Steam CleaningThe highest end choice will be something like a Vapor Steam Cleaning System that includes a canister style machine with stainless steel boiling reservoirs, a heap filtered vacuum, and a variety of attachments and bells and whistles so you can use it in every room of your house for almost any cleaning project.

When researching high end models, first of all consider the water reservoir, or boiler as it called. Stainless steel will be your best quality boiler, but it is heavy compared to aluminum. Aluminum boilers would make the machine lighter and less expensive. If you plan on using your steam cleaner to clean surfaces all around your house, you should consider the weight of the machine.

What about the boiler running out of water before you are finished? There is a new technology called ‘Continuous Fill’ which uses two boilers instead of one allowing one to remain unpressurized and re-fillable while the machine is running. Small jobs don’t require a lot of water to be completed, but larger jobs do. Waiting for a hot machine to cool off so you can refill the boiler, and then waiting for it to heat up again could waste a good hour!

Steam-cleaning the running gear of an "H&...

Steam-cleaning the running gear of an “H” class locomotive, Chicago and North Western Railway, 1943.

Having some steam pressure control would be nice for really tough problems. If you get a unit with around 60 psi, then you can clean anything in your house or garage! Otherwise, a lot of pressure is not required for proper steam cleaning a lightly soiled surface. Then you could get away with 20-30 psi. And you could keep more of your money as well!

For canister steam cleaners that use handheld hoses, check the quality of the hose material as well as it’s length. Beyond 8’ the steam going through the tube cannot retain it’s bacteria killing heat so becomes ineffective. If the boiler temp is listed as 300 degrees F, for example, then it still needs to be 240 degrees F or more by the time it reaches your contaminated surface to effectively disinfect.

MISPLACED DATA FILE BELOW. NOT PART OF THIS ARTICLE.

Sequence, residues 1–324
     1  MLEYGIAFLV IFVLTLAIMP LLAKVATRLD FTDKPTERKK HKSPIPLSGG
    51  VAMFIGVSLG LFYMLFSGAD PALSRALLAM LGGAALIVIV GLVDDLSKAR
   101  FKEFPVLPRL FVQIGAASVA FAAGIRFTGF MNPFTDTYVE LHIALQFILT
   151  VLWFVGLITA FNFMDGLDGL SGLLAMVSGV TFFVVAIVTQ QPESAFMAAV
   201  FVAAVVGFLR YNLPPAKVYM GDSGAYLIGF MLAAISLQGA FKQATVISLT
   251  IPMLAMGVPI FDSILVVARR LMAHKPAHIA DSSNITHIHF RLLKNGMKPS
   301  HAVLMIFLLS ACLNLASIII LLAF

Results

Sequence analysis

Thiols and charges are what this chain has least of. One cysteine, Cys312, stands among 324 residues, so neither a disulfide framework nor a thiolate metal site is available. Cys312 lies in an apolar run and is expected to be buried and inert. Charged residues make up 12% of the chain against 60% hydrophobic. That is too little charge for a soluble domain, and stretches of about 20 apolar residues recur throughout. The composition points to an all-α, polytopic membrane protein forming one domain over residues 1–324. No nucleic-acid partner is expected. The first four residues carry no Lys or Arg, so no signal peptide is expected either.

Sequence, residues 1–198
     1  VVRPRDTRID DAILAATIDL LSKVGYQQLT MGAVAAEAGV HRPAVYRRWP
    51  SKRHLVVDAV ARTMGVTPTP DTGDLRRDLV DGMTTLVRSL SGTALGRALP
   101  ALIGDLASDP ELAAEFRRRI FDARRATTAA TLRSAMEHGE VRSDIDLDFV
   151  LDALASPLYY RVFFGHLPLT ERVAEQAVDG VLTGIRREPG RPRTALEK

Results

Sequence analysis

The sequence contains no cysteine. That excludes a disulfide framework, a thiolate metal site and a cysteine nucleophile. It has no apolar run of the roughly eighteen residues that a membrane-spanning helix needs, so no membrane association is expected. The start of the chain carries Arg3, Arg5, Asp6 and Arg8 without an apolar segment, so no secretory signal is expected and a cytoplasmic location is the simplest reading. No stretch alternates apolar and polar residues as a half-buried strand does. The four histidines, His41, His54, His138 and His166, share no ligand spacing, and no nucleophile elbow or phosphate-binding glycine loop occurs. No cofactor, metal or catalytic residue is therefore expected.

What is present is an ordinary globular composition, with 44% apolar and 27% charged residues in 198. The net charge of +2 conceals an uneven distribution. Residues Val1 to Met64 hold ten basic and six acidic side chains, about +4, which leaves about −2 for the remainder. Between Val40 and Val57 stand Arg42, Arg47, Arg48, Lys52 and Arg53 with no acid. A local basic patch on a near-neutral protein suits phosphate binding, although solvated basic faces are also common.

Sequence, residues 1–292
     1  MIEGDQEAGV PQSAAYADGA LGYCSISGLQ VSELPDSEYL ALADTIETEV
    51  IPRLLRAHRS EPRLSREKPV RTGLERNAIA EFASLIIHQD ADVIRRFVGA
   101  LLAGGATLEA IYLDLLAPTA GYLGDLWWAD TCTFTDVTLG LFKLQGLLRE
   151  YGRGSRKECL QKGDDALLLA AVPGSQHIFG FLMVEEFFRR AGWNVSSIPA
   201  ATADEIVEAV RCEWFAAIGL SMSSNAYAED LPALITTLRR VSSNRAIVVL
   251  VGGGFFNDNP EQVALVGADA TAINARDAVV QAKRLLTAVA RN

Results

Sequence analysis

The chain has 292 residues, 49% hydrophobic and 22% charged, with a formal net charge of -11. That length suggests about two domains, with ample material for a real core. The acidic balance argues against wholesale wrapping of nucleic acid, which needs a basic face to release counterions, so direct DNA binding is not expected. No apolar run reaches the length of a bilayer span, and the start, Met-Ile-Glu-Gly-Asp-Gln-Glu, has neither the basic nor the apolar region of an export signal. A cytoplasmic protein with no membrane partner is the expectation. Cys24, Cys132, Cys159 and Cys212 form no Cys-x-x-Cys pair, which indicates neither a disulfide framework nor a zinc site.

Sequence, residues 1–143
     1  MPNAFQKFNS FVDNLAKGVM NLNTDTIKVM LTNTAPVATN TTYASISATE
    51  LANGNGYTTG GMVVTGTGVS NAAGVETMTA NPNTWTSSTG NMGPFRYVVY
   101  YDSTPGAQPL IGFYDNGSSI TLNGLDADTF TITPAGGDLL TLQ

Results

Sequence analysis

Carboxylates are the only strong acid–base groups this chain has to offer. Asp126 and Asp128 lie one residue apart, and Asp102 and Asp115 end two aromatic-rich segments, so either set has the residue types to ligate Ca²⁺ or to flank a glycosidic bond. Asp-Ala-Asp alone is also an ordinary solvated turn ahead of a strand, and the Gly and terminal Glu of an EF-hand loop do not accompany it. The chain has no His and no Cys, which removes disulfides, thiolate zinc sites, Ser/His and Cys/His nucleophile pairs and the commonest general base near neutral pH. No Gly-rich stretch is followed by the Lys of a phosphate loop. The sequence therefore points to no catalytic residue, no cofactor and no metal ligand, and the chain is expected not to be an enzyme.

I have never used a steam cleaning machine but I researched the the topic like I was going to buy one. And I just may! In the end, you and I will have to weigh the pros and cons of purchasing a simpler machine that may be less likely to break versus buying a machine loaded with features that could be prone to breaking down. That is the general rule for buying appliances and electronics–the simpler the better if you want it to work reliably forever without a lot of servicing.


When trying to figure out what type of steam vapor cleaning system to purchase, I advise looking for a commercial manufacturer’s machine designed especially for home use. These companies have been perfecting steam cleaning technology for years and I believe you will get a better machine this way. And, because it doesn’t need to be as sturdy as a commercial machine, because presumably it’s used a lot less, you will pay a reasonable price.

Purchase from reputable appliance seller. Here are a few more things to be aware of when shopping for a steam vapor cleaning machine.

If the unit has a vacuum in it, they will tell you. In the world of steam cleaning the term “extractor” is often used, but it could also be called “suction” or “sweeper”.

If you are interested in green cleaning without unknown chemicals, avoid those cleaning tools that provide prewetted cloths since they are soaked in toxic chemicals and are also non -washable. Better, more versatile appliances made for home use by commercial cleaning appliance manufacturers will have the option to use your own cloths, or to use washable cloth covers that come with the machine. That’s greener.

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Welcome to my website!

Julia has been practicing green cleaning for several years as the owner of As You Like It Home Cleaning and organic gardening for almost 20 years running Julia Houriet Custom Gardening. She studied landscape design at Radcliffe Seminars in Cambridge Massachusetts. Her expertise is gleaned from education and years of experience.